A tremor is an involuntary, rhythmic muscle contraction that causes one or more parts of your body to shake uncontrollably. Tremors can be consistent or intermittent, meaning they stop and start. Tremors may also be sporadic or unrelated to an underlying disorder. They may also occur as a symptom of another condition.
Tremors can develop at any age, although they’re most common in middle-aged or older adults. The problem affects both genders equally. Although tremors aren’t life-threatening, they can be disabling and even embarrassing. They can also be genetic with multiple family members suffering from tremors.
There are two basic types of tremors:
These tremors occur when a muscle is relaxed, and usually affects hands, fingers and jaw & head. Hands affected by resting tremors will shake while resting in your lap, but not when you’re using them. This type of tremor is often seen in people with Parkinson’s disease.
These tremors occur with voluntary muscle movement. An action tremor that affects your vocal cords causes your voice to shake when you speak. An action tremor that affects your arms causes them to shake when your arms are moving.
While most tremors have no known cause, some appear to have a genetic component because they tend to run in families. In general, tremors stem from some type of problem in the deep parts of your brain that control movement and coordination. Your neurlogist will explain this in detail.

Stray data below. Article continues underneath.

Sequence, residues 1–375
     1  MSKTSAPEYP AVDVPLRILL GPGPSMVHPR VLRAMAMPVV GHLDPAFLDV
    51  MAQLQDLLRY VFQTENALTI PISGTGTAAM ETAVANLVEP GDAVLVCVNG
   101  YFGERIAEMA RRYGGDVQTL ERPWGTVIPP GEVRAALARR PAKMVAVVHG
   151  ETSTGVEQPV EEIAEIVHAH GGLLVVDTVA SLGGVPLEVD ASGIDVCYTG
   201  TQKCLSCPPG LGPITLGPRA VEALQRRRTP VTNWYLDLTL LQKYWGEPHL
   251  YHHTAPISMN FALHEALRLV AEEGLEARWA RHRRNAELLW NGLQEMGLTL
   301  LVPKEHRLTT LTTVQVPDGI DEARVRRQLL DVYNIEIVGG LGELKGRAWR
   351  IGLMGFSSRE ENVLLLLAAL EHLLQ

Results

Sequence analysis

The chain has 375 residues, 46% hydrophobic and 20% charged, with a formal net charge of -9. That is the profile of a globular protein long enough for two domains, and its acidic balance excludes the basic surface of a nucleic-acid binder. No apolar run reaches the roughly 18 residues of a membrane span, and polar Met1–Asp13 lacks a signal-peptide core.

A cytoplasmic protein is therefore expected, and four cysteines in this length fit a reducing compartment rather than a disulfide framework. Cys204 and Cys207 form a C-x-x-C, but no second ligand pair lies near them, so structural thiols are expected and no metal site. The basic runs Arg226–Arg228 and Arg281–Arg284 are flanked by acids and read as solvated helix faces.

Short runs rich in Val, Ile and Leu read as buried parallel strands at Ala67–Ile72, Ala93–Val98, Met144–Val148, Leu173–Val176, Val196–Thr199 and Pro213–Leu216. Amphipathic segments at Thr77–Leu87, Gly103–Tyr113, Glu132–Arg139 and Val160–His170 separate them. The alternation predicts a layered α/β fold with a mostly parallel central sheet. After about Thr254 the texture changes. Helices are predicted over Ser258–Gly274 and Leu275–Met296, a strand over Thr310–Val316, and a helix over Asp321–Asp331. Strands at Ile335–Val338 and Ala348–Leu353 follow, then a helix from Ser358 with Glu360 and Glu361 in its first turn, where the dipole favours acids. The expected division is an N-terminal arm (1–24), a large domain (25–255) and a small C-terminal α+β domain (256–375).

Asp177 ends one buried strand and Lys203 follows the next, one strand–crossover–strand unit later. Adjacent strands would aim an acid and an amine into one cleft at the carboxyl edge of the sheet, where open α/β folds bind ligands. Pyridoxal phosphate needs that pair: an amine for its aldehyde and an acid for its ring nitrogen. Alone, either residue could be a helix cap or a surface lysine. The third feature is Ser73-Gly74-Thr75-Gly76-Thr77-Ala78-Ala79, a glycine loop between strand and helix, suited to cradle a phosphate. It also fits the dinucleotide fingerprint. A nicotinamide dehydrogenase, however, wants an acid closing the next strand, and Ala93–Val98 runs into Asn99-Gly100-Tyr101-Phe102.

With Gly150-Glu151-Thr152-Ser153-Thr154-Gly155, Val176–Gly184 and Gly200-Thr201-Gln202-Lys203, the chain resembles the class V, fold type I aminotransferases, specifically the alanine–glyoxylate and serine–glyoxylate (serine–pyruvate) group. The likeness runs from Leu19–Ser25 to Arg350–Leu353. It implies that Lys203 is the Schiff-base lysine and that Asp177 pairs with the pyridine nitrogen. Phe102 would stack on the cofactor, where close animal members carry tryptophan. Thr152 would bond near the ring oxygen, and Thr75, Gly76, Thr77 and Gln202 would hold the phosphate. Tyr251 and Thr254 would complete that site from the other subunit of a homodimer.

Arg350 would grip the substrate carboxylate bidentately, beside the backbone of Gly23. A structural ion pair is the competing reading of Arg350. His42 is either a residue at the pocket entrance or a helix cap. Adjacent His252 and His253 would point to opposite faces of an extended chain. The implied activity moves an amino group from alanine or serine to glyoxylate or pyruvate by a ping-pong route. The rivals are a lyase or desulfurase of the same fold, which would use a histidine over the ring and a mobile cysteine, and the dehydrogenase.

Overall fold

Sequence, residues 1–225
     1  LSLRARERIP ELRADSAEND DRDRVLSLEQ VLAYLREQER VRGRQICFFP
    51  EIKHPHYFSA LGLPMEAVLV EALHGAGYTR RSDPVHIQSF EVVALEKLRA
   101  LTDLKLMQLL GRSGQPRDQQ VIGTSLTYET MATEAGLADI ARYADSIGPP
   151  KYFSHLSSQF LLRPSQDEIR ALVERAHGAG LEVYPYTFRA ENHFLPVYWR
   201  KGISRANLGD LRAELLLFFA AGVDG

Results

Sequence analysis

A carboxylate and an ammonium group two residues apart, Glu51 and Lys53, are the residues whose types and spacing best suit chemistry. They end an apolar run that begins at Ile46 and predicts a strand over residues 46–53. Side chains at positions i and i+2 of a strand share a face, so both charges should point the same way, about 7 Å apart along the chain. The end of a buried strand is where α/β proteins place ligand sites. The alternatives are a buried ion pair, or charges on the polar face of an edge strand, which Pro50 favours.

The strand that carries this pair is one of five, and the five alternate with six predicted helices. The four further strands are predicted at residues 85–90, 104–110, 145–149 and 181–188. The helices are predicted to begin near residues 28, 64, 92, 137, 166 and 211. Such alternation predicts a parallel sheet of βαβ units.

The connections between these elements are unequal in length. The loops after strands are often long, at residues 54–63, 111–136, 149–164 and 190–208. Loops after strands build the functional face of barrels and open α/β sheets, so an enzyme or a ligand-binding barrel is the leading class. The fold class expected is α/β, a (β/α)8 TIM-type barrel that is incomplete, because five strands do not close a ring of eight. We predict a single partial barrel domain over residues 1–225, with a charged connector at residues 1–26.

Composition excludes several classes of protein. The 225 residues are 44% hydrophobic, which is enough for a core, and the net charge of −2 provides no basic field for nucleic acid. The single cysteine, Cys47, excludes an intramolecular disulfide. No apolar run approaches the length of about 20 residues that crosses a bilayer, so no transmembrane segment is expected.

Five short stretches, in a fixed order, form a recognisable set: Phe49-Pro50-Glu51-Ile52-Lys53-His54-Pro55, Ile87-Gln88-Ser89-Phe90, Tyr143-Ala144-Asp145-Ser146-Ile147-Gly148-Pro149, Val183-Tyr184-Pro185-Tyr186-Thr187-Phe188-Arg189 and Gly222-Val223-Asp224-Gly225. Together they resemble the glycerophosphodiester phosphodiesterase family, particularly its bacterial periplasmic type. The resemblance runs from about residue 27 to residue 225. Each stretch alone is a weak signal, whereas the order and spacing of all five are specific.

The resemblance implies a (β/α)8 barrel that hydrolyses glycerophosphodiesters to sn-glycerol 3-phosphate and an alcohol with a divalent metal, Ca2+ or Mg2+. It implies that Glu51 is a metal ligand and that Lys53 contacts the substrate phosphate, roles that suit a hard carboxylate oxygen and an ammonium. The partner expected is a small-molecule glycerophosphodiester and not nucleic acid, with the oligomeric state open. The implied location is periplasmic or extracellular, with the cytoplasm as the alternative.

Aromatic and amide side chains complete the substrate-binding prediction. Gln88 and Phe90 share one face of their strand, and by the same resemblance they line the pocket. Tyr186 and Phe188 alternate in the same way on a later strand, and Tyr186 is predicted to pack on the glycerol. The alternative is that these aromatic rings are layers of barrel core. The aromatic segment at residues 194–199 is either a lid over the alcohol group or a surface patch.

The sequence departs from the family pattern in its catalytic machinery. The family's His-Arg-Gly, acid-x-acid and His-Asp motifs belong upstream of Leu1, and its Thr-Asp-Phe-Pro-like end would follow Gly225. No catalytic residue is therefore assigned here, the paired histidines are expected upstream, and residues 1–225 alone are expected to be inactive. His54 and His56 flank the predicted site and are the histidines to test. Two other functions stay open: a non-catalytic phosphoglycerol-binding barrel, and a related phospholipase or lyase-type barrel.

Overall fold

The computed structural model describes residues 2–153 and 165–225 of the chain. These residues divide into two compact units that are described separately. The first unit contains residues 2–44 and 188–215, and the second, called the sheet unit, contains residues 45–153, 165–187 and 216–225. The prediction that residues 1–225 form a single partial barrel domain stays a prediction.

Tremors are sometimes a symptom of another neurological problem, such as:
Other potential causes of tremors include:
Tremors cannot be cured, but certain medications can help keep them under control. Beta-blocking drugs, anti-seizure medications,some psychiatry medication, Botox® injections and Deep Brain Stimulation have all proven helpful in controlling moderate-to-severe sporadic tremors. Mild sporadic tremors often don’t require treatment of any kind. But when tremors become in any way disabling , they need to be addressed and treated.
For tremors that are symptomatic of an underlying neurological disorder, treating the disorder itself can often help relieve tremors. If you have Parkinson’s disease, for example, Parkinson’s medications that increase the dopamine in your brain can help relieve related tremors.
After reaching a conclusive diagnosis for your tremors, your physician at The Neurology Group can let you know all your treatment options.